Although Catherine did not have a son by Henry, she did have a daughter, Mary. Edward's reign ended in 1553 with his death. Mary was the oldest surviving child of Henry and first in line for the throne. She was half-Spanish and was often treated by Henry as illegitimate. She was not only a Catholic; she was a fanatic. Under Edward's reign Mary had been treated with gross indignity and persecution because of her insistence on keeping her mass. She came to the throne at thirty-seven, already an embittered spinster. Her principal objective was to restore the Catholic faith to England. Not the non-Roman Catholicism of Henry but the restoration of the Pope's and the hierarchy's authority throughout England. High church authorities went to prison and some 2,000 clergy were ejected from their positions because they had married.
The old statutes against heresy were re-established and the first Protestant, John Rogers, was burned at the stake at Smithfield. Over the next three and a half years about three hundred people were burned to death as Protestant heretics. Perhaps the saddest circumstance was that of Thomas Cranmer. Cranmer was not a mill rant reformer; he was a quiet scholar whose greatest weakness, apparently, was a tendency to try to see all sides of an issue before making up his mind. He had been appointed Archbishop of Canterbury by Henry VIII and was in that position for about twenty years. In 1556 two Spanish friars were sent to Oxford to examine Cranmer's views on papal authority. This gentle and moderate man was pushed into admitting more evidence of papal supremacy than he really believed. Pressed harder he submitted to the Catholic Church and to the Pope as its supreme head. He said that he believed all the articles of the Catholic faith and denounced the heresies of Luther and Zwingli. On the day appointed for his execution he stood before the Catholic officials in St. Mary's Church while a priest preached at him. When the priest finished, Cranmer knelt and prayed. Then he stood and faced his accusers and to their dismay revoked all his recantations. He said that he had not believed them, that he had signed them only hoping to save his life. At the stake he held his hands in the rising flames and did not cry out.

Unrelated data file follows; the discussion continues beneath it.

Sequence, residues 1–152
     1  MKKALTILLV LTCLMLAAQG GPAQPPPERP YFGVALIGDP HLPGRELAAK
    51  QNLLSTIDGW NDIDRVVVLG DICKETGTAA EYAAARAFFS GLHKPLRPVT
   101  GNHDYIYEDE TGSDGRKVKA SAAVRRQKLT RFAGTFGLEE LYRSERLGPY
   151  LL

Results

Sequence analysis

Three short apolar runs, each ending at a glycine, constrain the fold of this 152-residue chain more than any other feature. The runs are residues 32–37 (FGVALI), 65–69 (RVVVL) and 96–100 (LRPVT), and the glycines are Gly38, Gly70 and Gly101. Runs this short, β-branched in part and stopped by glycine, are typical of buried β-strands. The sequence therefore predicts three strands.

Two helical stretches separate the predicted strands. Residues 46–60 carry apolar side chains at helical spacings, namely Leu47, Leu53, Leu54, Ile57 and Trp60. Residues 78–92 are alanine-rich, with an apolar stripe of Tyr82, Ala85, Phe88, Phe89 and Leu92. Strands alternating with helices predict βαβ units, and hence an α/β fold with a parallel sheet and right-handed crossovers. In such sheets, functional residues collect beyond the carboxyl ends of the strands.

Mary's reign lasted for only five years. But those five years insured for all time that England would never be Catholic again. She did not execute unpopular Protestant fanatics, she put to death leading men respected for their high integrity, men who held positions of great responsibility in service to Henry VIII and Edward VI. Before Mary, Englishmen had been anticlerical, not anti-Catholic. England had not been a hotbed of Protestant revolutionaries. But in five short years Mary saw to it that the English Reformation was baptized in the blood of good and honest men. Mary's reign seared the collective mind of Englishmen with a fatal connection between ecclesiastical tyranny and the Roman Pope. The connection remains to this day.